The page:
Montreal Canadiens Prospect Report: Draft picks galore


Newly acquired Montreal Canadiens player Mike Reilly skates prior to an NHL hockey game. (Graham Hughes/CP)

MONTREAL — The trade deadline went as you might have expected it would have for the Montreal Canadiens.

They were established sellers, but not ones necessarily looking to tear their whole team down. That’s why pending unrestricted free agents Tomas Plekanec and Jakub Jerabek and restricted free agent Joe Morrow were shipped out and no one else was.

Dealing prospects? That was the last thing GM Marc Bergevin was going to do.

"The goal is to get younger, faster, with character, and that’s what we’re going to try to do moving forward," he said after Monday’s deadline passed.

Plekanec’s trade to the Toronto Maple Leafs brought in a second-round pick and two players under age 24 with NHL potential. Jerabek, who’s a 26-year-old defenceman, went to the Washington Capitals for a 2019 fifth-round draft choice, which was flipped to Minnesota for a 24-year-old defenceman. And Morrow, who served as a depth defenceman with the Canadiens, went to Winnipeg for a 2018 fourth-round pick.

Not a bad haul — even if Bergevin left some options on the table.

Jeff Marek and Elliotte Friedman talk to a lot of people around the hockey world, and then they tell listeners all about what they’ve heard and what they think about it.


Kerby Rychel, LW, 23

Drafted: 2013, first round, 19th overall (Columbus Blue Jackets)

GP (Toronto Marlies): 55 | G: 10 | A: 20 | P: 30 | +/- minus-4

Rychel’s a big, physical forward, who plays on the edge and has some scoring potential.

"He can bring some grit to this team," Laval Rocket coach Sylvain Lefebvre told the Montreal Gazette this week. "He can also bring some playmaking abilities around the net. He’s got a knack … tipping in pucks and creating some screens, finding rebounds. He’s good on the power play. I think he can get under your skin. He’s a competitor, he wants to be on the ice, compete and make a difference."

Rinat Valiev, D, 22

Drafted: 2014, third round, 68th overall (Toronto Maple Leafs)

GP (Toronto Marlies): 40 | G: 5 | A: 10 | P: 15 | +/- plus-14

Valiev has all the tools to be an effective, all-around defenceman. That he’s a left-hand shot who plays the left side could see him graduate to the Canadiens in short order and have him pushing for a full-time spot at next season’s training camp.

"He’s a big body that can move, skate and make a good first pass," Lefebvre told the Gazette. "He can be physical and needs to stay physical to be effective. If he wants to play in the NHL and stay there a long time, he’s going to have to bring that intangible with him."

Mike Reilly, D, 24

Drafted: 2011, fourth round, 24th overall (Columbus Blue Jackets)

GP (Minnesota Wild): 38 | G: 2 | A: 8 | P: 10 | +/- minus-6

Reilly’s first game as a Canadien featured exactly what he’s supposed to bring to the table.

He didn’t score any points, didn’t cost them any either, and he moved the puck well, skated well and showed off his big shot when he had the chance to.

There are limitations to his game, as we covered in this profile earlier this week. If there weren’t, he would not have been traded by the Wild. But the Canadiens are giving him a chance to prove that he can be a steady player at this level.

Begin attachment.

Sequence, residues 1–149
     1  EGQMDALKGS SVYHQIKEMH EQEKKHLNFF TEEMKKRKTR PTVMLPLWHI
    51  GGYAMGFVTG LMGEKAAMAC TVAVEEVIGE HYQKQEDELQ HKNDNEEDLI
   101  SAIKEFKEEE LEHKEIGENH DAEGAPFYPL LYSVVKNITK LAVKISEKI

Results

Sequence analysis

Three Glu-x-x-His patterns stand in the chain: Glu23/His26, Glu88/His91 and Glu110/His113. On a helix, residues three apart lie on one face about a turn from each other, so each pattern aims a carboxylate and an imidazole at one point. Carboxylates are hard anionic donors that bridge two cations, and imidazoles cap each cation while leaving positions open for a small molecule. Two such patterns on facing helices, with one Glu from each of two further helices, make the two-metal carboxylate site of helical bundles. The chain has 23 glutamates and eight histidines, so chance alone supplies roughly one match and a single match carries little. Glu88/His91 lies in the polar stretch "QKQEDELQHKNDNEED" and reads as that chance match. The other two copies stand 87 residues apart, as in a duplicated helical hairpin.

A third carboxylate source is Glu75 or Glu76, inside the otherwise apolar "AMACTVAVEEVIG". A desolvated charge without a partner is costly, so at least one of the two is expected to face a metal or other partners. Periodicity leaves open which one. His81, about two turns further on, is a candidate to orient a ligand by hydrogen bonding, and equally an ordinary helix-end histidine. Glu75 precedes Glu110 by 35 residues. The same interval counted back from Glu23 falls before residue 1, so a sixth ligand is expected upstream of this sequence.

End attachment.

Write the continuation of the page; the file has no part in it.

2018 picks: 1st, 2nd (own), 2nd (CHI), 2nd (WSH), 2nd (TOR), 3rd, 4th, 5th (own), 5th (EDM — turns into a 4th if goaltender Al Montoya plays two more games this season), 5th (LA — turns into a 4th if the Kings make the playoffs), 7th.


The Canadiens have five of the first 62 picks in this year’s draft and their first-rounder is virtually guaranteed to be a top-10 pick.

There’s a chance they’ll be awarded first overall at this year’s draft lottery, a chance that only gets stronger with every loss they absorb over their 18 remaining games on the season. And there’s also a chance they’ll add more picks — probably another first-rounder if captain Max Pacioretty is dealt in the lead-up to the draft — by trading players.

In an ideal world, this year’s draft would be loaded with centres for the Canadiens to choose from. However, defence (another key need) is widely available, so the team would be wise to focus in that area.

We don’t see the Canadiens packaging two of their four second-round picks to move up in the draft.

"You’ve seen teams in the past that move up and the same player’s available with the pick they would have had," said Bergevin Monday. "History shows there’s less and less of that."

But we expect if Bergevin does play around with the idea of trading a pick or two, it will likely be to bring in roster players.

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It’s all about the future for the Canadiens and there are three prospects currently providing reasons for optimism in that regard.

Twenty-year-old defenceman Noah Juulsen, who was drafted 26th overall in 2015, has already taken steps to prove he might be prepared to graduate full-time to the NHL after debuting (in impressive fashion) with the Canadiens last week. Nikita Scherbak, 22, has two goals and two assists in 10 games with Montreal and is developing well after scoring more than a point per game in Laval this season. Charlie Lindgren, 24, was recently recalled by the Canadiens and he was exceptional in his first start back, making 33 saves and recording a shutout in a 1-0 shootout loss to the Philadelphia Flyers. He followed that up with a 32-save performance in Friday’s 6-3 victory over the New York Islanders.

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